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Tim Tebow Talk: It Has Only Just Begun

miller-article1Everyone has an opinion on the future and potential of former University of Florida quarterback Tim Tebow’s NFL career.

For at least one year now, there has been no middle ground on Tebow’s future.

We have not even reached the tip of the iceberg in terms of Tebow talk. 

I knew there would become a point after college football season died down that Tebow talk would immerse the pages of newspapers, magazines and websites.  No one media outlet is safe.

In a matter of six weeks, the chatter is no longer about the successes of arguably college football’s most impressive athlete and most accomplished player.

Tebow’s college triumphs are yesterday’s news.  His two national championships and Heisman Trophy are memories from an illustrious career. 

His records against Florida State, Georgia and Tennessee are now merely trivia questions.  (The answers are 8-1 as a starter and 11-1 in his entire career.  His lone loss occurred in 2007 to Georgia, 42-30.)

All of those numbers and tears are recollections, which will be forever known as the Tebow Era.

But, currently, the NFL is the only topic associated with Tebow.

It all began with Monday’s practice for this Saturday’s Senior Bowl.  A firestorm of Tebow talk was sparked.  It was out of control.

I somewhat expected an appearance by notable film critic Roger Ebert, so that he give his thumb(s) up or down.  He was unavailable for comment in this column.

This week, during Senior Bowl practice, Tebow has been criticized for his bobbled snaps under center, his poor delivery style and a not-too-quick stride in the pocket. 

Now, with all that has occurred, comparing the number of Tebow’s supporters to detractors is no easy statistical task.  In my opinion, it is a toss-up.

For two years, I have been saying Tebow will not make it at the next level.  And, “making it” does not include holding a clipboard and waving towels during the fourth quarter.

I understand that Tebow is a winner and has a will to win greater than Alexander the Great and Hannibal.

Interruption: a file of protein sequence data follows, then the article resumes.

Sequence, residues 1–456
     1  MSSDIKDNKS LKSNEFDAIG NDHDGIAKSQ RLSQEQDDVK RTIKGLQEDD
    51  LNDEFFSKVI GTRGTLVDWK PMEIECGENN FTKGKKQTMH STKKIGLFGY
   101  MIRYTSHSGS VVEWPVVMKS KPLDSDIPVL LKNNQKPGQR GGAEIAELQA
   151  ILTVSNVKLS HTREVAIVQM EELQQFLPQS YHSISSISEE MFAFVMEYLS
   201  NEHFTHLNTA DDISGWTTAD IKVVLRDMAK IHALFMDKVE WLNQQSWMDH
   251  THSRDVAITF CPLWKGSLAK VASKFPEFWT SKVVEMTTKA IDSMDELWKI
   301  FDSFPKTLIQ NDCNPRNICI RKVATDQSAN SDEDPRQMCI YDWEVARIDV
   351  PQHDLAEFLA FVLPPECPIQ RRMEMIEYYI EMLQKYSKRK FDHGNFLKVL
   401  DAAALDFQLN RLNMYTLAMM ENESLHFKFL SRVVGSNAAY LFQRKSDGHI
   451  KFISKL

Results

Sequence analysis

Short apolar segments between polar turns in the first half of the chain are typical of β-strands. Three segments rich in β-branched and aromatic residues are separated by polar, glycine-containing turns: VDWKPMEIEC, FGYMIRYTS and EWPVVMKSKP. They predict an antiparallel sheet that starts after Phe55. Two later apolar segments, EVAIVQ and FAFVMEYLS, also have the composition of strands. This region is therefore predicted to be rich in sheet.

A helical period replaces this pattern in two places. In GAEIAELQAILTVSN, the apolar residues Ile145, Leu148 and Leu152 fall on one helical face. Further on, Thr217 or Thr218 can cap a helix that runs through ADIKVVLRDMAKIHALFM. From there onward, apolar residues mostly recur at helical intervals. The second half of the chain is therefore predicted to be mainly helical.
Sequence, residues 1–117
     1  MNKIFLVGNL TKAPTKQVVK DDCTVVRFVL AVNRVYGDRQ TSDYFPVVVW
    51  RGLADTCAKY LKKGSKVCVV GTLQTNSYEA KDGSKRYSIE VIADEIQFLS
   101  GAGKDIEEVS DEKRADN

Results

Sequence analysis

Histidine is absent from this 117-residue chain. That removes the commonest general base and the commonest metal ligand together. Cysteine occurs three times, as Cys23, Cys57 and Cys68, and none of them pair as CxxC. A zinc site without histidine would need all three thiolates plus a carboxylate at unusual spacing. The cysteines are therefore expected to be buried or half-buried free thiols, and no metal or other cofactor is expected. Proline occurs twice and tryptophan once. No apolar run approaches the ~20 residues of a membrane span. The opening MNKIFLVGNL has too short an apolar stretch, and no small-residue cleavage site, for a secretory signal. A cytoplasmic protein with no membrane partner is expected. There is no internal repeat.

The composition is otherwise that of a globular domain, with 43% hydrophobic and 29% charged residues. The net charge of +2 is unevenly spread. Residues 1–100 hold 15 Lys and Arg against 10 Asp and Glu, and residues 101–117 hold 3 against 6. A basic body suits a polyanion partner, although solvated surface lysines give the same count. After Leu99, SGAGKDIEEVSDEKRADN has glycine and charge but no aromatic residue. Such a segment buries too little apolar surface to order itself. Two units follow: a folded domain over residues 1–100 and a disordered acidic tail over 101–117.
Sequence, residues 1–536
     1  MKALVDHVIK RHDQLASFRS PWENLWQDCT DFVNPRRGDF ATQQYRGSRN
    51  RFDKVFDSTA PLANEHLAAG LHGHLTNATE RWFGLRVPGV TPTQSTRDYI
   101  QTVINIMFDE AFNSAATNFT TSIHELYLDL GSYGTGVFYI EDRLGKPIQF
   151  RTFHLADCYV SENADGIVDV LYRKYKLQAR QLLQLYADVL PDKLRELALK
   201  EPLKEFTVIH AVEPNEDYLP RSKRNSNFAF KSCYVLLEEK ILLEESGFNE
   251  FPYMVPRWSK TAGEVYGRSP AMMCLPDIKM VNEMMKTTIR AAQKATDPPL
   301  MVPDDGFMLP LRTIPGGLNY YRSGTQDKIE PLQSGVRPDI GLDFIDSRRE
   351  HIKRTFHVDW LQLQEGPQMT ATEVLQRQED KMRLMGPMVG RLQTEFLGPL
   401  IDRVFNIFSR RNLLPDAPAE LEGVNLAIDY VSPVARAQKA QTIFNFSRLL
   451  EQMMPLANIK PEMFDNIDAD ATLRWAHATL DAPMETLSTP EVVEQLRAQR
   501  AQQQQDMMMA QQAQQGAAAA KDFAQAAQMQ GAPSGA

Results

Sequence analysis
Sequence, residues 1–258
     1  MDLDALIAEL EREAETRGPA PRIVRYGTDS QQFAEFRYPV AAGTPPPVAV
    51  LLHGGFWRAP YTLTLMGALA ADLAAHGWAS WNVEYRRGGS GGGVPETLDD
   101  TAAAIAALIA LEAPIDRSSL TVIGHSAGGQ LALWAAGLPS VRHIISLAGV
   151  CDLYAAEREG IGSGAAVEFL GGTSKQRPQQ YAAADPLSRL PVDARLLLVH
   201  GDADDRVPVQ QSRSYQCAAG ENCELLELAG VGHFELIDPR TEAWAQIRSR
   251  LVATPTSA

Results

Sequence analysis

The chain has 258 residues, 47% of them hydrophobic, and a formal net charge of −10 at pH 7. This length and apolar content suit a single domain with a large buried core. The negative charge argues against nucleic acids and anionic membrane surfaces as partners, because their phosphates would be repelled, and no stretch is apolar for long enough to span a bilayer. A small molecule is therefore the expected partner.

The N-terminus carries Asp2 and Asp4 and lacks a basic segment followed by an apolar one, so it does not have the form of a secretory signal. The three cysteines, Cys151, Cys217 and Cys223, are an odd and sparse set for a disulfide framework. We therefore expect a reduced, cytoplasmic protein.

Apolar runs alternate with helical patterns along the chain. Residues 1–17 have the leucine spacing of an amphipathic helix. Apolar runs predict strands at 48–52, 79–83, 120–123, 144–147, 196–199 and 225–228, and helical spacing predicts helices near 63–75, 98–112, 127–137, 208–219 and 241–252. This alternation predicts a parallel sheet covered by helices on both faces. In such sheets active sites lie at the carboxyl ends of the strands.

After many hours of contemplation, I am not quite sold on the claim that Tebow will succeed in the NFL.  However, since he is a low-risk, high-reward player, any NFL team would be foolish to pass on him.  

Yes, a team could use a first-day draft pick on Tebow.  But, if he doesn’t pan out as a quarterback, fullback, tight end (or any other position that fans believe he can succeed at and adjust to), it will be known as a risk that was well worth taking. 

On the other hand, if an organization passes on the 22-year-old Tebow, and he becomes the next Peyton Manning or Joe Montana, then that team will be grouped alongside the Portland Trailblazers for selecting Sam Bowie over NBA legend Michael Jordan.

That is no place an NFL team wants to be.  This includes the Jacksonville Jaguars. 

At some point this season, Jaguars owner Wayne Weaver has pondered whether or not Tebow will be available when the Jaguars draft on Thursday, April 22.

For the Jags, a best case scenario is that Tebow will be off the board by the time its first-round selection is made.

I cannot tell you if more scorn or applause will follow such a decision.  Although, I have gotten a gut feeling – and that’s all it is – that Jacksonville has grown weary of the Tebow mania. 

I would compare the hoopla to listening to a Beatles song every day for six years.  After that long, “Let It Be” turns into a mindless Spice Girls tune.

Be prepared.  It's only January, which means that the next three months will be jam-packed with Tebow talk. 

The barrage of opinions could become so fierce that Roger Ebert will be using another digit on his hand to grade this Tebow talk mania.  Some kindly refer to it as the New York salute.

Tebow has proven that, with unending motivation and energy, he can be molded into a high-performance, record-setting winner.  But, he has many hurdles to overcome and new talents to conquer on his quest to become an NFL star.


Richard Miller is a national broadcaster for Jacksonville Jaguars’ home games on Sporting News Radio.  Additionally, he can be heard on ABC 1320 WBOB in Jacksonville at 5:45 p.m. on Wednesdays with The Jacksonville Observer Radio Show. 

Richard contributes to Inside the Game with Robin Valetutto every Saturday from 11 a.m. – 1 p.m. 

Currently, Richard is writing David Lamm’s biography entitled Lamm at Large: The David Lamm Story, which will be available in 2010. 

You can e-mail Richard at Richard.Miller@jaxobserver.com

1 Responses »

  1. Tim was set to receive the $50 million dollar endorsement contract that Tiger was offered when he started out. It may have been $100 million. With his conservative stand which he will take at Super Bowl this may be gone. I'm glad that there is still someone in the world willing to place morals before money.

    It is my belief that he will still exceed the $50 million dollar endorsement mark in 2010 along with a NFL contract worthy of a king. Good luck Tim in 2010 and GOD BLESS YOU and your family.